Accent Signage Systems shooting: First victims fought for their lives

  • Article by: MATT MCKINNEY , Star Tribune
  • Updated: October 2, 2012 - 1:17 PM

Managers tried to wrest gun from Andrew Engeldinger, who pulled it after he was fired.

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A family members of Ron Edberg consoled his son Dusty, center, in front of an informal memorial made for the victims in front of Accent Signage Systems in Minneapolis on Saturday Sept. 29, 2012. Ron Edberg was one of the employees that lost his life Thursday at the hands of Andrew Engeldinger.

Photo: Kyndell Harkness, Star Tribune

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Confronted with a fired employee who pulled a gun, two managers at Accent Signage Systems, Inc., struggled with the man for control of the weapon.

It was a fight they lost, and moments after gunman Andrew Engeldinger shot them both, he continued with one of the worst mass shootings in Minnesota history.

The effort of Rami Cooks and John Souter to stop the massacre was one of many details released Monday in a four-page Minneapolis police report of what took place last Thursday, when Engeldinger used a 9mm Glock handgun to kill Cooks and four others and injure three more employees, including Souter. Engeldinger then committed suicide.

Engeldinger, a longtime employee who had clashed with his superiors over tardiness and poor performance, moved from location to location within the business in Minneapolis' Bryn Mawr neighborhood, passing through doors and confronting his victims as he shot person after person, according to police. His rampage was over so quickly that most victims didn't realize what was happening until he was standing before them, the report says.

He has no history with the Minneapolis police, authorities said, aside from three property crimes cases in which he was the victim. But his family said he had struggled with paranoia and delusions, and within the past two years had withdrawn from them.

About a year ago, he legally acquired two Glock 9mm handguns. Engeldinger practiced shooting at the Burnsville Rifle and Pistol Range, according to information released Monday. The range has been closed since July 31 due to a fire, according to a recording on the business's phone. It may partly reopen this month.

Engeldinger, 36, had received a letter of reprimand a week before the shootings. He was told at the time that his performance must improve immediately or he would be terminated.

'Poor performance and lateness'

Near the end of the workday, Engeldinger was asked to meet in Souter's office. Engeldinger first left the building and went to his car, then returned to meet with Souter and Cooks. Engeldinger was fired at the meeting for "poor performance and lateness," according to the police report, and given his final paycheck.

Engeldinger carried the gun and two loaded magazines -- each of them carrying 15 bullets -- into his termination meeting, according to police.

He pulled out the handgun and a struggle "ensued between the men over the gun" before Souter and Cooks were wounded. Cooks, who was 62, did not survive.

Engeldinger dropped a partially loaded magazine during the struggle. He reloaded and stepped out of Souter's office, encountering company owner Reuven Rahamim, 61, who had come out of his office to see what was going on.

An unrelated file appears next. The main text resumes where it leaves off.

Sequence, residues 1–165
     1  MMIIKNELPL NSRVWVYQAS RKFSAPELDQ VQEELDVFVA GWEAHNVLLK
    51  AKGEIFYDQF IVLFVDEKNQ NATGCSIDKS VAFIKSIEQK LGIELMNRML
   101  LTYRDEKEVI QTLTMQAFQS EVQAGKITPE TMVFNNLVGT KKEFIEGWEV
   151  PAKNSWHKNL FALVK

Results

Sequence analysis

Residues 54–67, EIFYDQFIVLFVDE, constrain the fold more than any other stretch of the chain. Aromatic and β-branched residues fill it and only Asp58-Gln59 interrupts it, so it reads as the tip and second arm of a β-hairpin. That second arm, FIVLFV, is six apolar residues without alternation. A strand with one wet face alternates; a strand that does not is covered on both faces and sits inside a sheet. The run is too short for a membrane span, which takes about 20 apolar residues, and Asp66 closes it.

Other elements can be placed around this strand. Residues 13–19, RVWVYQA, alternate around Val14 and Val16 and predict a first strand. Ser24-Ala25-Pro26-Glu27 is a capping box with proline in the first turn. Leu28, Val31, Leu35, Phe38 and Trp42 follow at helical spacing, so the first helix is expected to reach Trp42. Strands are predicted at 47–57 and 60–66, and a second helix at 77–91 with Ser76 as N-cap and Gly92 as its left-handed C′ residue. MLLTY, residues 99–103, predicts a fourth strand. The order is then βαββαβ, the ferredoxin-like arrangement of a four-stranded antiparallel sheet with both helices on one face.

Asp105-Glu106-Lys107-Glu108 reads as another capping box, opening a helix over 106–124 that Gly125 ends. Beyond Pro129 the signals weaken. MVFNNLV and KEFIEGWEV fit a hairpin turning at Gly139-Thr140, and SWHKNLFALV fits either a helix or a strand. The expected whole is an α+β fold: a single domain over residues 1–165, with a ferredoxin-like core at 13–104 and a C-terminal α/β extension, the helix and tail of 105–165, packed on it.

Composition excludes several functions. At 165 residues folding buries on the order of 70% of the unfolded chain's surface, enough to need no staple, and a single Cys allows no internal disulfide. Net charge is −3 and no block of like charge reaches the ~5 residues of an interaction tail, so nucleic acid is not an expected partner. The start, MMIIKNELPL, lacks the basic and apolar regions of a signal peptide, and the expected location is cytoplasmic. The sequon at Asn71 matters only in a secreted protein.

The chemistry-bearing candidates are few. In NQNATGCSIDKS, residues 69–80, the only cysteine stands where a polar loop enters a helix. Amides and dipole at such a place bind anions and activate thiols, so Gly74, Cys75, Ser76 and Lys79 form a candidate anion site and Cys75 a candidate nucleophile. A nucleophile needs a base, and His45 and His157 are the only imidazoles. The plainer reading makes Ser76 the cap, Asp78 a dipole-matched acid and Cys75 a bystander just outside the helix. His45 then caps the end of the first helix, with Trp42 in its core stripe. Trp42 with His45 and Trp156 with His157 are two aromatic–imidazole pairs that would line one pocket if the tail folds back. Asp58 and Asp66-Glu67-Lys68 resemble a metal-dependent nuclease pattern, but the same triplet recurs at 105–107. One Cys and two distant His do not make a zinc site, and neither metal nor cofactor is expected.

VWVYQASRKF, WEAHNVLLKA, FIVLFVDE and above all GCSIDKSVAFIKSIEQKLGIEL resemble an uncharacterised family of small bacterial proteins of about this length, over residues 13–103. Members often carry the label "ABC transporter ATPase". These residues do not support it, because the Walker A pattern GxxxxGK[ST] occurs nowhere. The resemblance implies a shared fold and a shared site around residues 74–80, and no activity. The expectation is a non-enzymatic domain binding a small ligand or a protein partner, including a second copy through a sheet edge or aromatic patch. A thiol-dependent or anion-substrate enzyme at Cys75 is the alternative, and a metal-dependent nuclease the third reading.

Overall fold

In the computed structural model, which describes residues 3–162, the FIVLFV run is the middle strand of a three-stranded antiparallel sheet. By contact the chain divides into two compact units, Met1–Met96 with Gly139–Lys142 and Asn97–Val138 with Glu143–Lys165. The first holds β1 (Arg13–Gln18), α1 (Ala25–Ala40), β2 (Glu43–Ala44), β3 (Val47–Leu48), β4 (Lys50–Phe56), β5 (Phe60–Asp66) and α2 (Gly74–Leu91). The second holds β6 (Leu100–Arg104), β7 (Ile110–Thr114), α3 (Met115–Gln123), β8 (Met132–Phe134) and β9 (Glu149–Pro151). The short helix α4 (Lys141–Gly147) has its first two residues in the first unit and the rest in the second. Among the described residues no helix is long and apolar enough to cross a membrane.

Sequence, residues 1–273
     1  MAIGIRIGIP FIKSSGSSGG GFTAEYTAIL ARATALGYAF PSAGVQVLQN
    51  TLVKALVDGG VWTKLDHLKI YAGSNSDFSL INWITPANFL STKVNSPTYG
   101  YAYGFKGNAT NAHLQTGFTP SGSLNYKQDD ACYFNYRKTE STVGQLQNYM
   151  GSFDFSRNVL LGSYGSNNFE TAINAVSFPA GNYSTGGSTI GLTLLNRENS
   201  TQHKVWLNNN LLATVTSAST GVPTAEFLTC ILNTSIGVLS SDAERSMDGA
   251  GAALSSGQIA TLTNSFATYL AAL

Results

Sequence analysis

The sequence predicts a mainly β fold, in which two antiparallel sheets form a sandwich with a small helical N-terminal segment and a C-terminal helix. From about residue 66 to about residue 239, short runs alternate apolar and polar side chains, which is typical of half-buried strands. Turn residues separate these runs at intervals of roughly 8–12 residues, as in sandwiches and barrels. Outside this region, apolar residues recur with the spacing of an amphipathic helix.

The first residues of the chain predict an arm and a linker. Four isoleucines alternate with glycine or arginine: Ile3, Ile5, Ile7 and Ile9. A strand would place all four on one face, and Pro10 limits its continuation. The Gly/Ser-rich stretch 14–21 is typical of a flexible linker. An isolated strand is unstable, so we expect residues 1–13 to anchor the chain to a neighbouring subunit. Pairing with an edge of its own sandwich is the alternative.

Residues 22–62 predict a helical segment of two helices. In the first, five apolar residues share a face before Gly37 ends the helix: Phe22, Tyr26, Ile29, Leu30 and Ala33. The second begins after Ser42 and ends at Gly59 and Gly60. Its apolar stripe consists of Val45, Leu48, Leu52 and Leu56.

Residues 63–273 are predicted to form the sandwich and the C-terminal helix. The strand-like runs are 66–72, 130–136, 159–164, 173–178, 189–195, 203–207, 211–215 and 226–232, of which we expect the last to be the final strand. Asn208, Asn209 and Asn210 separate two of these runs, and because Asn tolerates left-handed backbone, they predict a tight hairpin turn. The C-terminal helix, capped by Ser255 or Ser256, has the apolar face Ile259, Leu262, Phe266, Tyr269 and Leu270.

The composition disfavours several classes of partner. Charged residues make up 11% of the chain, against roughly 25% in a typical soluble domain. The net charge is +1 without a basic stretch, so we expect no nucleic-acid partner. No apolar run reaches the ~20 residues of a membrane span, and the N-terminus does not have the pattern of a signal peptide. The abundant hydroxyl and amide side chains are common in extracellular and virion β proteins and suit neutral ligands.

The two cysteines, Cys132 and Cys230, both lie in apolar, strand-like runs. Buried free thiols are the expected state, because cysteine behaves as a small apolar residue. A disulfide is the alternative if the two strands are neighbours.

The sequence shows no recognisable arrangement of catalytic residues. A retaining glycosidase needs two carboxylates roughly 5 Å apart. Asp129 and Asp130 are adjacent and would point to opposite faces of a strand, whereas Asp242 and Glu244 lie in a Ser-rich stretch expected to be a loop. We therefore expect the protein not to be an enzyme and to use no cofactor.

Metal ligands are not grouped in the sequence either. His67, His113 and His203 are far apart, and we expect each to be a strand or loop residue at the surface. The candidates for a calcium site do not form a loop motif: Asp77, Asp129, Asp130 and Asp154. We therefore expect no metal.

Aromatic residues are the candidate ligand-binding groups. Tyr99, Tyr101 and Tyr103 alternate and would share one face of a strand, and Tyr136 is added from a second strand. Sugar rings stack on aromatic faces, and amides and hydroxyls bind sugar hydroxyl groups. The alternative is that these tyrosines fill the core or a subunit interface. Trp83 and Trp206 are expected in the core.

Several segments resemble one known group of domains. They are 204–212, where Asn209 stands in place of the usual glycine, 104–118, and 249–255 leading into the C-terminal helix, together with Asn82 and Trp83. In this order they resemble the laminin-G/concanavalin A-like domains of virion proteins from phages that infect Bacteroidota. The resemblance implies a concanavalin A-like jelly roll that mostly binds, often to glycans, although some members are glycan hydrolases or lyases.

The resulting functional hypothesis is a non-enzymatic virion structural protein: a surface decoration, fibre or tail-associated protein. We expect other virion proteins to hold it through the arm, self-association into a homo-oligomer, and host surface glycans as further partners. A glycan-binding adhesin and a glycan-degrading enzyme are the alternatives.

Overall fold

Engeldinger shot him, then walked east through the building, leaving the executive offices through a set of double doors and into the sales staff area. He shot and killed employee Jacob Beneke, 34, then continued east through another set of double doors to the loading dock area.

There he shot and killed employee Ron Edberg, 58, before turning to shoot and kill UPS driver Keith Basinski, 50, who was in his truck at the loading dock area.

Engeldinger continued east through a set of large sliding doors to the company's production area, where he shot and critically injured employee Eric Rivers. Another employee, identified only as "B.W.," was grazed by a bullet.

Engeldinger then went to the company's basement and shot himself in the head.

A search of his home by Hennepin County sheriff's deputies after the shootings turned up application materials for a gun permit and certification of completion of concealed-carry training, according to police. Police said laws prohibited them from saying whether Engeldinger had a gun permit.

An ankle holster, empty boxes that could have carried 10,000 rounds, gun cleaning supplies, targets and spare Glock magazines were also found at the home.

The funeral for Rahamim, of St. Louis Park, was Sunday. Another funeral was held Sunday for Cooks, of Minnetonka.

A funeral for Edberg, of Brooklyn Center, will be held at 7 p.m. Tuesday at Methven-Taylor Funeral Home, Anoka. Services for Beneke, of Maple Grove, will be at noon Wednesday at Evans-Nordby Funeral Home, Brooklyn Center. A funeral for Basinski, of Spring Lake Park, will be at 1 p.m. Thursday at Emmanuel Christian Center, Spring Lake Park.

According to Hennepin County Medical Center, Accent Signage System's production manager, Rivers, remained in critical condition Monday, while director of operations Souter was in serious condition. The eighth victim, B.W., was seen by doctors at HCMC Thursday and released.

Star Tribune staff writer Paul Walsh contributed to this report. Matt McKinney • 612-673-7329

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